Amplats outlines drastic survival strategy

ANGLO American Platinum (Amplats) warned of R14bn of impairments to mines where it has halted production or development, and for investments in other platinum companies.

Amplats, the world’s biggest producer of platinum in which Anglo American owns an 80% stake, said its headline earnings, which strip out those impairments, would be at least 20% or R157m lower than the previous year’s profit of R786m that had been dragged lower by a five-month wage strike action at its Rustenburg mines.

Contributing to falling earnings was a R900m payment for retrenchments, with 2,720 people including 420 managers and senior staff, leaving Amplats during the year from Twickenham, Rustenburg, Union and other mines in the group.

Amplats forecast that it would save R200m in labour costs next year. CEO Chris Griffith said earlier this year big projects would be put on hold.

Amplats has agreed a sale of its Rustenburg mine to Sibanye Gold and has impaired the mine by R4.6bn. It plans to dispose of Union next year. It will exit its Pandora joint venture with Lonmin and the Bokoni venture with Atlatsa Resources.

The Bokoni mine is to shed 2,500 jobs by the end of this year as it shuts loss-making production. Amplats, which has a 23% stake in Atlatsa and 49% of Bokoni, has written off R1.4bn in those interests and R2bn in loans to Atlatsa and its black economic empowerment shareholder.

“Atlatsa’s ability to service its debt obligations in the context of the current market conditions, where Bokoni mine is its main source of funding, is doubtful at current price levels,” it said.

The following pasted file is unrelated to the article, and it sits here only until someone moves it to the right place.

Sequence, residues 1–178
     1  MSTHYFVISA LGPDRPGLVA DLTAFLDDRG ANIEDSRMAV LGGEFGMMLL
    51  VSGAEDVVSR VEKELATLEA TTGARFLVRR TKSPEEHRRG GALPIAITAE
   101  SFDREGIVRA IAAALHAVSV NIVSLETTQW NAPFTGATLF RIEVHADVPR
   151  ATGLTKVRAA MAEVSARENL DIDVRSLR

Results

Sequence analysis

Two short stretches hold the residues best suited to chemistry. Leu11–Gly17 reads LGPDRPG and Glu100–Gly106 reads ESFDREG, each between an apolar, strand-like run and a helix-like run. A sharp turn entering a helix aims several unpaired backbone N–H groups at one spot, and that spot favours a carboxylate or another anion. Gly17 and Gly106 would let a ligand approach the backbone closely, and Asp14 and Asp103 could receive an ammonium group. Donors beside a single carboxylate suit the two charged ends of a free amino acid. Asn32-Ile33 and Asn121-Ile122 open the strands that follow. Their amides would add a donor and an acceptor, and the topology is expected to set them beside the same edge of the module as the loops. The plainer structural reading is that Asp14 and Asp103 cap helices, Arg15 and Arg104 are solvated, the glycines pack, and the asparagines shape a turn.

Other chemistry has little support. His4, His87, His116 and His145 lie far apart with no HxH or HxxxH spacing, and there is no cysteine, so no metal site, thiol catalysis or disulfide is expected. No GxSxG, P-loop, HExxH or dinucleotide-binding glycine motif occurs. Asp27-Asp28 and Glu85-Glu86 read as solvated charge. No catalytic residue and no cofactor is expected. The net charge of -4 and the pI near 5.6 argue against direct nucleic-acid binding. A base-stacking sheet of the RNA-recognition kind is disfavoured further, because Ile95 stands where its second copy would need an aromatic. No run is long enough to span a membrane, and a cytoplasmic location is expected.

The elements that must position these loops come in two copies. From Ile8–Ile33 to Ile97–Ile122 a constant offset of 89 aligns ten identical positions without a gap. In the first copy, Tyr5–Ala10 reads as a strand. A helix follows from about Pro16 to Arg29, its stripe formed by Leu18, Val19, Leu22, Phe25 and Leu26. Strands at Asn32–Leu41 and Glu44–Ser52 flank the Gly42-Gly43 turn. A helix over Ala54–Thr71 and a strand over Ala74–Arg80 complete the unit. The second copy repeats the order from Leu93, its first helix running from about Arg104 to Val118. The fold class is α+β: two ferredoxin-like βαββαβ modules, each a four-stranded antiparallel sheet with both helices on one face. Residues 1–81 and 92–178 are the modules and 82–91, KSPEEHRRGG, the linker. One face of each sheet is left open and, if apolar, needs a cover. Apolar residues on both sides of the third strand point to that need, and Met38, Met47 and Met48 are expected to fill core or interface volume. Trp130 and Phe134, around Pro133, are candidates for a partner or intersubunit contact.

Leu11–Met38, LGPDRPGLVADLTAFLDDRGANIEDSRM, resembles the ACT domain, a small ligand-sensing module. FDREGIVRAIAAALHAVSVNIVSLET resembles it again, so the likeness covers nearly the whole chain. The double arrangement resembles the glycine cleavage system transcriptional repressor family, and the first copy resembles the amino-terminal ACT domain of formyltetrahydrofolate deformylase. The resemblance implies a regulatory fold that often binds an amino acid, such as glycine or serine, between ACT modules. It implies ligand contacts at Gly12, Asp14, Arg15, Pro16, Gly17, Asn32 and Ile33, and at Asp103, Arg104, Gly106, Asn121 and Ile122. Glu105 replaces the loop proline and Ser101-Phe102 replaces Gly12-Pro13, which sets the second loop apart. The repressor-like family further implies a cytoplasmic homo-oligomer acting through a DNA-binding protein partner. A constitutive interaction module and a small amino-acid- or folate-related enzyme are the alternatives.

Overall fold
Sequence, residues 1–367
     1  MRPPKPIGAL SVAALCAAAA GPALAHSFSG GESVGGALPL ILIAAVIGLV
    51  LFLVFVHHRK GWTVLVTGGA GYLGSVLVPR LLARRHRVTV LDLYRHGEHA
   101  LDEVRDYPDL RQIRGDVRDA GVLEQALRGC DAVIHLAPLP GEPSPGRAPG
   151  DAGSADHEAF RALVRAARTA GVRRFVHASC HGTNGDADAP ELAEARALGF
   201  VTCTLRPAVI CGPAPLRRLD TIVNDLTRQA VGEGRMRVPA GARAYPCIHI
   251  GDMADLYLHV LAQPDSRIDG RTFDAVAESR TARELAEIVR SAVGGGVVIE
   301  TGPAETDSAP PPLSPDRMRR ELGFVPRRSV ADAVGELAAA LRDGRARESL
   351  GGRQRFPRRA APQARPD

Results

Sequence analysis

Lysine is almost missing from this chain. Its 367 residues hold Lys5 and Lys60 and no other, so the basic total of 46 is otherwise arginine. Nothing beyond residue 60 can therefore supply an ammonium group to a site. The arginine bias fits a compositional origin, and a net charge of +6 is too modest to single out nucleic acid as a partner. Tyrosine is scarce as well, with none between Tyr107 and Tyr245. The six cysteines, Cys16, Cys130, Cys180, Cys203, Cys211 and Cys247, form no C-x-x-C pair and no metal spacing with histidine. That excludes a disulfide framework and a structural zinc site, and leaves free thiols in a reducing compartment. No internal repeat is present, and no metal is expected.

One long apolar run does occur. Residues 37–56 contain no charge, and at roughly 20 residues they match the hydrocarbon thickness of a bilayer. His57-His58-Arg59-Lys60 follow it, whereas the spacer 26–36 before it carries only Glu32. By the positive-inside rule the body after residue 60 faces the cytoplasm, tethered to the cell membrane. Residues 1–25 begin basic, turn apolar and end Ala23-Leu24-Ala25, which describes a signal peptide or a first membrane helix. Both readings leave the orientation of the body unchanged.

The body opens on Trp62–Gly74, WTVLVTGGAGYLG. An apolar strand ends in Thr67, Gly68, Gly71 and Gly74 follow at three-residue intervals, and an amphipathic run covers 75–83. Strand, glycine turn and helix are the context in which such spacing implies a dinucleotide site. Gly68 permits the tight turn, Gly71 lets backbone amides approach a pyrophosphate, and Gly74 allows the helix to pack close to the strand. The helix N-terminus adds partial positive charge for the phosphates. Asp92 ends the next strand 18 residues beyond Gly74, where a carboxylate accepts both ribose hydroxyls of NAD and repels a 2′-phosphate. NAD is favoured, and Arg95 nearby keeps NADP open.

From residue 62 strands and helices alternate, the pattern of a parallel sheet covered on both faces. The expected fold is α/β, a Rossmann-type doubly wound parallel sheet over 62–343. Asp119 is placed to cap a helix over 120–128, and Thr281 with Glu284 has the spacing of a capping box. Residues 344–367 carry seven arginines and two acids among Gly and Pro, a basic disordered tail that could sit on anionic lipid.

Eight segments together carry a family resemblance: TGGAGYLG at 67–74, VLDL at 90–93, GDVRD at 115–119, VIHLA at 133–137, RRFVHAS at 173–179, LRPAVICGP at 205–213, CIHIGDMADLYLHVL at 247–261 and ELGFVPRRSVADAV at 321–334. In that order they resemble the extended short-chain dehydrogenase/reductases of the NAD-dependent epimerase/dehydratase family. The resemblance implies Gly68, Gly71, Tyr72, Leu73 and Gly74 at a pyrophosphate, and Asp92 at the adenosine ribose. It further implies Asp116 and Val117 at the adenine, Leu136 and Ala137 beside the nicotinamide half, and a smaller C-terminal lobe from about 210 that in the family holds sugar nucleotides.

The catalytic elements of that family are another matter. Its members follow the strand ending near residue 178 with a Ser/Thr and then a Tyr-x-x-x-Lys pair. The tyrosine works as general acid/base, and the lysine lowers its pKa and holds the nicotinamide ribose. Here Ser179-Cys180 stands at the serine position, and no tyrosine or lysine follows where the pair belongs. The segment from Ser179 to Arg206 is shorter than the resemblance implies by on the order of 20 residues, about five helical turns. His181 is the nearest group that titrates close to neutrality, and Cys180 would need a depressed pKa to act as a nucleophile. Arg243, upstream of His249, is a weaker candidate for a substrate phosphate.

Amplats put its Twickenham mine, which it is converting to a mechanised mine from a labour-intensive operation, into care and maintenance after suspending development work there, resulting in the loss of 550 jobs. The carrying value was halved to R2.2bn. The development of a shaft at Tumela mine has been stopped.

The deep changes made at Amplats to become a more mechanised, profitable company are part of Anglo’s broader restructuring strategy outlined on Tuesday, with CEO Mark Cutifani outlining plans to cut the diversified company’s portfolio to between 20 and 25 of its best mines, down from 55 assets through sales and closures.

One analyst said it appeared iron ore featured at the bottom of Anglo’s list of priority assets during a presentation to Anglo’s investors on Tuesday.

Kumba Iron Ore, 70%-owned by Anglo, was forced to change its mine plan for the second time in two years to cope with a weak iron ore price that shows no signs of improving because of high output levels of the steel ingredient by the world’s top three iron ore miners and subdued demand from China.

Anglo chief financial officer Rene Medori warned that Kumba’s debt covenants would come under pressure next year because of lower iron ore earnings, but he declined to give any further details, citing confidentiality agreements.

At Sishen, Kumba’s flagship mine and the biggest iron ore mine in SA, the production forecast for next year was lowered by 10-million tonnes to 26-million tonnes as the new mining plan was implemented to deliver ore to Saldanha port at $30/tonne.

“Our industry is under tremendous pressure, with the market now pricing in a more muted trend for the iron ore price over the medium to longer term,” said Kumba CEO Norman Mbazima.

“This is driven mainly by the expectation that supply growth will remain strong, against the backdrop of an ever more cautious outlook on China’s economic growth trajectory,” Mr Mbazima added.

Kumba will lower its costs by removing almost 100-million tonnes less of waste rock to expose the iron ore at the ageing Sishen mine.



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